Saturday, June 12, 2010

Whatever Works (2009) - written & directed by Woody Allen, starring Larry David

(I had run out of Woody Allen movies to watch. As far as I could see, there was one left, there on the video store shelf, “Whatever Works”. It didn't look good: the prematurely balding Larry David in a “what can you do?” shrug on the cover. Not a trace of pleasure on his face. I had vague memories that a pretty teenager-woman who looks off into outer space was also involved. All one can really think when contemplating the box without much information is, “Please, Woody Allen, please don’t let this movie be about how that man who has a facial expression kind of like yours ends up having sex with a late teenager even though he is initially unwilling.” This is not the kind of story that reliably gets better the more you tell it. The DVD case looked as desirable as a half smoked cigarette on the sidewalk. I picked it up. And when I walked home with it under my arm, confident of a little bit of pleasure, I thought - how bad could it be?)

One might put the Larry David doll next to Woody Allen doll on the shelf, if one was trying to clean up and organize one's collectibles – even though the Woody Allen doll was made with plastic and hand-sewn doll clothes in 1977 and the Larry David doll was made with rubber in 2009. But it turns out that if you put the Larry David man in a Woody Allen movie, it is very hard not to pay attention to their flaming differences.

As someone said - don’t judge the performer, judge the performance. But if I judge the Larry David performance in this Woody Allen movie, everyone loses. If I judge the performer, Larry David, then Larry David wins. Who knew? When Larry David is playing Woody Allen, he plays a physicist genius who is wise to (through his superior intellect) the meaninglessness of the human condition - as though, in the 21st century, only a genius (and a physicist??) could entertain a vision of this nature. The meaninglessness that LD as WA has to contend with is epic and profound. He also fights with imbeciles, homophobes and religious fundamentalists. He does his best to cope.

The character's stance as enlightened-nihilist-filled-with-despair seems like it's from another time, like, another time from a long time ago, especially in forced comparison to the Larry David who created Seinfield and Curb Your Enthusiasm, a man who gleefully pours sugar on his meaningless breakfast cereal and rubs his hands together with delight before digging in. When LD is the LD character on Curb Your Enthusiasm, he fights with children, kindly doctors and Ted Danson – all of whom are a little bit smarter and more morally developed than old LD. It is the others who do their best to cope with him while he dances to escape their frustrated clutches and exasperated glares. LD as LD passionately takes up positions on matters of the pettiest nature. His joy in this endeavor cannot be hidden and his pleasure at playing the villain is transparent. Seeing Larry David play the Woody Allen character reminds one that the Woody Allen character is always the hero, no matter how flawed.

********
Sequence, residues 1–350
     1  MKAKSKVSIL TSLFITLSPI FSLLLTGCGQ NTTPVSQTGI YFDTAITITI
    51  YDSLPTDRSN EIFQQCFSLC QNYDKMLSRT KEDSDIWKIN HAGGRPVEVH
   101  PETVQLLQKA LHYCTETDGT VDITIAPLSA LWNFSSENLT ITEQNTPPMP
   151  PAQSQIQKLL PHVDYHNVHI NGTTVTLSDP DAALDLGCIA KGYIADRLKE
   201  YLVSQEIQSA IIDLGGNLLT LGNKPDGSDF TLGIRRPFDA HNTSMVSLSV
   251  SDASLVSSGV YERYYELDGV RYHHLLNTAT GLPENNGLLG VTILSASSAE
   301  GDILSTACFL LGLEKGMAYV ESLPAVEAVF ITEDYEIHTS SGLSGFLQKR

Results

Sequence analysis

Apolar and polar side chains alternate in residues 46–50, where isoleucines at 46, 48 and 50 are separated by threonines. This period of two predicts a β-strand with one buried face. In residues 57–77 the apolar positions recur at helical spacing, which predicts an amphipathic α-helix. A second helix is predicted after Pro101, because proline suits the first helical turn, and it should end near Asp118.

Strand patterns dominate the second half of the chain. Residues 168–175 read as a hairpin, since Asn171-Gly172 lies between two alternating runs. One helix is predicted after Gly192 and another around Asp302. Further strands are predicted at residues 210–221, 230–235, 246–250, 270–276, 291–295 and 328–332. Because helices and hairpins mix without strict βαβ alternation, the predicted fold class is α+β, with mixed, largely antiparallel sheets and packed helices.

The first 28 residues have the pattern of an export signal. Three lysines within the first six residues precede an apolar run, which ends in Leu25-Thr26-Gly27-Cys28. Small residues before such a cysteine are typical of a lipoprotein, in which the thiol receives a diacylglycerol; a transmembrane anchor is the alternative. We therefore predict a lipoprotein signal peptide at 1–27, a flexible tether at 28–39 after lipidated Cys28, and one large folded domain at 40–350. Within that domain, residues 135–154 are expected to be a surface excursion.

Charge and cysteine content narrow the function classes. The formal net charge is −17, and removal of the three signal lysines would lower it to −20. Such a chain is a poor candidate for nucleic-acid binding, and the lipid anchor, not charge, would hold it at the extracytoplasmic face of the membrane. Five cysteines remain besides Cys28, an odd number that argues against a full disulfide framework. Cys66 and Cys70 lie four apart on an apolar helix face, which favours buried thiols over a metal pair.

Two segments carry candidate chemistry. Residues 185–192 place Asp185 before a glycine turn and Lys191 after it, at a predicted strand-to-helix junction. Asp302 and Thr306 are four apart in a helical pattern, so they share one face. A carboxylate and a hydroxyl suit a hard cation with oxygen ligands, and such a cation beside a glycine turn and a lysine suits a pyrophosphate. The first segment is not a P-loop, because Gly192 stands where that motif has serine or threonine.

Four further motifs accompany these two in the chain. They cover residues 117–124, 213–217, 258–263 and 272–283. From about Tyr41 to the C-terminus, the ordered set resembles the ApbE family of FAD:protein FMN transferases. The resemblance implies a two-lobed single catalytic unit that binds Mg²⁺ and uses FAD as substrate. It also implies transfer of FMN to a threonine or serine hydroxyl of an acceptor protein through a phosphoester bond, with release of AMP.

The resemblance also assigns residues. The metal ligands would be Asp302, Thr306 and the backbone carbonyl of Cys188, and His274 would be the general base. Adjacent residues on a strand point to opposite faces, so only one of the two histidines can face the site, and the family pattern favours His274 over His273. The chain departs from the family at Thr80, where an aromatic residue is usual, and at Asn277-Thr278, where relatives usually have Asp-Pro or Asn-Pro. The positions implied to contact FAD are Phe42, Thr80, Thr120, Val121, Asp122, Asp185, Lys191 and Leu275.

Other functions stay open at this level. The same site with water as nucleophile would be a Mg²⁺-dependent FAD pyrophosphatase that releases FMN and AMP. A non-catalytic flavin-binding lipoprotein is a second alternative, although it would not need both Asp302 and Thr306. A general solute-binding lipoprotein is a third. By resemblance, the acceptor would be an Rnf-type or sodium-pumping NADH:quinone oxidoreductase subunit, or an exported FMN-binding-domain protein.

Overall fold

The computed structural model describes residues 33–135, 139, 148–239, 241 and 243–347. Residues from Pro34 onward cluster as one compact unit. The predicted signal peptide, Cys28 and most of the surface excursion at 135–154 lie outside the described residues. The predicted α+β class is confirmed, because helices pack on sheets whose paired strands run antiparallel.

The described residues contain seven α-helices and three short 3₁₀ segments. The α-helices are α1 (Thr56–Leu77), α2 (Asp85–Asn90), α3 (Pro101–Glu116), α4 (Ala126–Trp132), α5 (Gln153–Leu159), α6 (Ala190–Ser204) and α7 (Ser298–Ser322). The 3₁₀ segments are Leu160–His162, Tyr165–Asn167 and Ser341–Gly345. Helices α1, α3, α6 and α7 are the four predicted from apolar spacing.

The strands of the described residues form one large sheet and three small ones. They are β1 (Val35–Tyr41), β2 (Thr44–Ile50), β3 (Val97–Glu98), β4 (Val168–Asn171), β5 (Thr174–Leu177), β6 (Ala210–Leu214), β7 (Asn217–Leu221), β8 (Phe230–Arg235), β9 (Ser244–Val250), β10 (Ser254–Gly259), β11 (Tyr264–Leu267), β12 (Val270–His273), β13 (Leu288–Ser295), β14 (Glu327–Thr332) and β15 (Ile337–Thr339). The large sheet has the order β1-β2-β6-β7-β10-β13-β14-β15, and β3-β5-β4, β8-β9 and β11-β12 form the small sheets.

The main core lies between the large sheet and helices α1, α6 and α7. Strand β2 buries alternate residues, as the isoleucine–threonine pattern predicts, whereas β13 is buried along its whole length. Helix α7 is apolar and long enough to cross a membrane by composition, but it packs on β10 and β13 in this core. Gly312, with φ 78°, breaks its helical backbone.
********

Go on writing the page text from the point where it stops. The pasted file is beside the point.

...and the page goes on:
Man-impressions aside, the most damning problem regards the old fourth wall. In the opening sequence the LD as WA points out the camera to his dumber-than-him friends and talks about the viewers at home watching them. Of course, no one else can see the camera except for this genius. Now, playing the (now simple) breaking-the-fourth-wall game with LD can make a director look pretty silly. Maybe WA talked directly to the camera while inside a fictional narrative while LD was in diapers (or at least.. um, in business school) but somewhere around 2009, on the set of Curb Your Enthusiasm, near the end of the season, LD as LD strolled past the forth wall and the fifth while whistling a bad tune and waving at Andy Warhol. Andy Warhol didn't wave back. Larry David kept smiling.

Maybe if LD walked around talking about what a genius he was, he wouldn’t have run into a problem like being in this movie and making Woody Allen look bad.


  1. Re "The character's stance as enlightened-nihilist-filled-with-despair seems like it's from another time..." I think I remember that time, I think it was 1975...Never got over it though. Good to hear it articulated. May make more progress there...

    Woody Allen's characters and comedy is ostensibly more nebbish than enlightened, and seem to ultimately champion a bourgeois sensibility: "“My parents were very Old-World people. Their values were God and carpeting.”

    M.K. Works

  2. I would forgive the fourth wall stuff since the script was written in the 70s

  3. I read this movie as Woody Allen lampooning all the classic Woody Allen tropes. The over-exaggerated genius bit, the predictable reluctant near underage affair, and the more relentless than ever pontification about religion and nihilism seem to back this up pretty solidly (or at least, I want to believe that it does). Even the movie title/apparent moral of the movie seems to be a joke at the expense of similar themes in his earlier movies.